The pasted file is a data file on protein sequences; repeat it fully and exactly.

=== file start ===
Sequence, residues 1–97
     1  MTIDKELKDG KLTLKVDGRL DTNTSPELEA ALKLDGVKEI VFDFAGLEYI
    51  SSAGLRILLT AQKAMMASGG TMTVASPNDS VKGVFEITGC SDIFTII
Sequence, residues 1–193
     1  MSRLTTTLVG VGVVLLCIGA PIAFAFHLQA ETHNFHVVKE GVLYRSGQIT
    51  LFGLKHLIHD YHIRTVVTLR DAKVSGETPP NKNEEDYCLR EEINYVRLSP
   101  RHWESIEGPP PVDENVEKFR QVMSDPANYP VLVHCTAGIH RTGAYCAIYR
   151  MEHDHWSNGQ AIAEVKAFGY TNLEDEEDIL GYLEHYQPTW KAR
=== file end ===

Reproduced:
Sequence, residues 1–97
     1  MTIDKELKDG KLTLKVDGRL DTNTSPELEA ALKLDGVKEI VFDFAGLEYI
    51  SSAGLRILLT AQKAMMASGG TMTVASPNDS VKGVFEITGC SDIFTII
Sequence, residues 1–193
     1  MSRLTTTLVG VGVVLLCIGA PIAFAFHLQA ETHNFHVVKE GVLYRSGQIT
    51  LFGLKHLIHD YHIRTVVTLR DAKVSGETPP NKNEEDYCLR EEINYVRLSP
   101  RHWESIEGPP PVDENVEKFR QVMSDPANYP VLVHCTAGIH RTGAYCAIYR
   151  MEHDHWSNGQ AIAEVKAFGY TNLEDEEDIL GYLEHYQPTW KAR